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11 thoughts after Canucks get Connor’d by Oilers despite decent effort

The sky is not falling...yet.

Vancouver Canucks v Edmonton Oilers
Connor McDavid #97 of the Edmonton Oilers celebrates after a goal during the game against the Vancouver Canucks on October 12, 2022 at Rogers Place in Edmonton, Alberta, Canada.
Photo by Andy Devlin/NHLI via Getty Images

After a loss like that, it’s easy to be pissed off.

Blowing a three-goal lead is never a good sign.

When you blow a three-goal lead against Connor McJesus, it’s a little easier to stomach.

Here are 10 thoughts after last night’s fourth-straight season opener against the Edmonton Oilers.

1. What a debut for Kuzmenko. He finished the night with his first NHL goal, and led all Canucks with a 5-on-5 shot attempt differential of 80.3% (17 shots for, 4 shots against)

2. The line of Pettersson, Kuzmenko and Hoglander was easily the Canucks’ most dangerous line of the night. Most of that credit belongs to Pettersson and Kuzmenko, who carried over their preseason dominance to last night’s opener.

3. Unfortunately, Pettersson is not Connor McJesus.

The end result tonight had to be extremely frustrating. The Canucks had more power plays and were arguably the better team at 5-on-5 (although Edmonton closed that gap as the game progressed).

There’s one main reason why the Canucks lost tonight: Connor McDavid.

The best player in the world had three goals and one assist. And, in typical McDavid fashion, he was flying all night.

This is the Oilers’ recipe for success. Hold your own without McDavid on the ice, and let him do the rest. The Oilers’ plan is no different from previous seasons, although they have a deeper squad and should have more consistent goaltending.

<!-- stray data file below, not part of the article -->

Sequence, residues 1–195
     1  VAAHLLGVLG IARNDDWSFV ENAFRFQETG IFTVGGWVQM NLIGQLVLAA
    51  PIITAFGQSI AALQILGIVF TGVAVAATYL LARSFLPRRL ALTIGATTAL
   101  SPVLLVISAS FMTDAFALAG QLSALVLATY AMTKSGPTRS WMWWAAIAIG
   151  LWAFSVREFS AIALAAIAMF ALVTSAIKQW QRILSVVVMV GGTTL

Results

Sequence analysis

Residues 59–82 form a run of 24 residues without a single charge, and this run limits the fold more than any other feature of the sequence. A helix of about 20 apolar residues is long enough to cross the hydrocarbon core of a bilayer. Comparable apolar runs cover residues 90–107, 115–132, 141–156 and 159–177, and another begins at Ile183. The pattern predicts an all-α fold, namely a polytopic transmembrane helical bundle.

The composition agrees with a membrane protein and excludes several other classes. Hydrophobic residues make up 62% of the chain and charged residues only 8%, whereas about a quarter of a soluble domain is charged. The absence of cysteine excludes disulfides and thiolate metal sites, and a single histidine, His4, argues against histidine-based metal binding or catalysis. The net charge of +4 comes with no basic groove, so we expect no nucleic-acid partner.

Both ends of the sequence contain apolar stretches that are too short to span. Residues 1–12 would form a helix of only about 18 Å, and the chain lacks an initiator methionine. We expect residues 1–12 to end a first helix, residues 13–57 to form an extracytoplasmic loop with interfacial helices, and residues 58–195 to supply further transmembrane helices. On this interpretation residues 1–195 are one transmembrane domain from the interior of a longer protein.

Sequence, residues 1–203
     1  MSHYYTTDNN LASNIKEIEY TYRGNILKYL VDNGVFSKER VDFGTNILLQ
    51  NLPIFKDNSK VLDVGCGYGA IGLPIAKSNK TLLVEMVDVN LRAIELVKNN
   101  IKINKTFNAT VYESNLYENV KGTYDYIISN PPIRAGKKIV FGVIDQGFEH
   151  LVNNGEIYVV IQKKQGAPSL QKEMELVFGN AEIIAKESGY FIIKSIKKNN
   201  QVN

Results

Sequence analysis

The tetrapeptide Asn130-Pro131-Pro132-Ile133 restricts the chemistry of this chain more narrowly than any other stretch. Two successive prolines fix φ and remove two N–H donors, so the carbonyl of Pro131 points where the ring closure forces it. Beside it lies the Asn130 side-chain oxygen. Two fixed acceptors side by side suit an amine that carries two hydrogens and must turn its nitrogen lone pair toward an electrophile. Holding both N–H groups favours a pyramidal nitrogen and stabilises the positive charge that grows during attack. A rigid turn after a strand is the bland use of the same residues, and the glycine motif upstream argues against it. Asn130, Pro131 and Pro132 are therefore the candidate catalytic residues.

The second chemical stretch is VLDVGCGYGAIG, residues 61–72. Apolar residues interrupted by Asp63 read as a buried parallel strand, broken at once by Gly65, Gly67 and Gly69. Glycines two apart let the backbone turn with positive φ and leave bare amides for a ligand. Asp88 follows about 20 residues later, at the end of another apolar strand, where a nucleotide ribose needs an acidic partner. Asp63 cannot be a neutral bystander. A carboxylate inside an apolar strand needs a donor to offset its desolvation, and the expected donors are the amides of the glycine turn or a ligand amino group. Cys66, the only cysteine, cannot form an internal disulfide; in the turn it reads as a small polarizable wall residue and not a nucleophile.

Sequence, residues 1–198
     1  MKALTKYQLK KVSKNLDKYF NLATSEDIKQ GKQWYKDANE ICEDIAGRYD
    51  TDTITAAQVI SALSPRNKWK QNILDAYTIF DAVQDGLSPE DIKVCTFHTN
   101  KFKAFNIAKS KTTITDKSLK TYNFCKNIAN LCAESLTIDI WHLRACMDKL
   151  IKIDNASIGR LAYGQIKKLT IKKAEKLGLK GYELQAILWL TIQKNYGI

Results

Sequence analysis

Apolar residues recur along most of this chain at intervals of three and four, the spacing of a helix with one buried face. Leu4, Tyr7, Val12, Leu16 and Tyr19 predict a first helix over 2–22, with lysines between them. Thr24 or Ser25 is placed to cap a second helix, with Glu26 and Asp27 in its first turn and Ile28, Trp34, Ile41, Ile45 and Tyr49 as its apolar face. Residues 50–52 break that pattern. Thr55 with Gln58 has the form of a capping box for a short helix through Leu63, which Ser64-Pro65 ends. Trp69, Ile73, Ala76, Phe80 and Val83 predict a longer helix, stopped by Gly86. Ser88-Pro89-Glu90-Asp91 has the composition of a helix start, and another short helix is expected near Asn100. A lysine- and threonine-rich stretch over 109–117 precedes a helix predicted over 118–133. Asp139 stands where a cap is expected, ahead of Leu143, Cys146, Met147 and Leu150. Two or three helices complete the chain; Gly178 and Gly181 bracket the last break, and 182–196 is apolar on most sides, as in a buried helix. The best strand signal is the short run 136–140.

4. Speaking of goaltending, Thatcher Demko was “in midseason form” as Harnarayan Singh said on the national broadcast.

If it weren’t for a missed call for Evander Kane’s high stick on Hughes, coupled with some brilliance on the Oilers’ power play, the Canucks would have won this game.

5. Despite bleeding more Grade A chances than one would like, it wasn’t a terrible night overall for the Canucks patchwork defence.

6. Tucker Poolman basically showcased the same skills that he did at the beginning of last season. Defensively, he’s usually in good position, and he can skate pretty well for a guy his size. There’s just nothing good that happens with the puck on his stick. He also pinched a few times tonight and while he didn’t get burned, he will soon enough if he doesn’t cut those pinches from his game.

7. Luke Schenn obviously isn’t a first pairing defenceman, but Boudreau was right in the preseason when he said “it just works” in regards to Schenn playing with Hughes.

If you look around the league, there are multiple examples of teams who play a de facto third-pairing guy with their number one defenceman to help spread the wealth. Roman Josi with Alexandre Carrier comes to mind. Ryan Lindgren with Adam Fox would be another.

Schenn had his signature physical moments during the game, like when he laid out Zach Hyman behind the net in the third period. He’s not flashy but rarely makes mistakes. Hughes could make anyone look good, but Schenn deserves credit for making that pairing work for such an extended period of time.

8. Further down the depth chart on defence, it was a quietly impressive night from Kyle Burroughs and Riley Stillman. The pairing wasn’t sheltered (which is hard to do on the road) meaning they played against the McDavid line for about 1/3rd of their ice time.

Stillman’s mobility and ability to make the simple zone exit play stood out. Burroughs, while he made a couple of mistakes, held his own and did well to get under the opponent’s skin.

9. Although the third pairing worked for a night, you would like to see Jack Rathbone get his opportunity sooner rather than later.

10. Not a terrific night for the Canucks new fourth line, with both Curtis Lazar and Dakota Joshua playing less than eight minutes on the night (Nils Aman had 10:02 of ice time).

Lazar stood out the most with his tenacity on the forecheck, although you could see that his puck skills are fourth-line calibre as he whiffed on a couple of opportunities.

11. One more thing on Canuck-killer McDavid. he now has 20 goals and 58 points in 35 career games against the Canucks. That 1.66 points-per-game total is the sixth-most efficient mark among all skaters who have played against the Canucks at least 10 times in NHL history.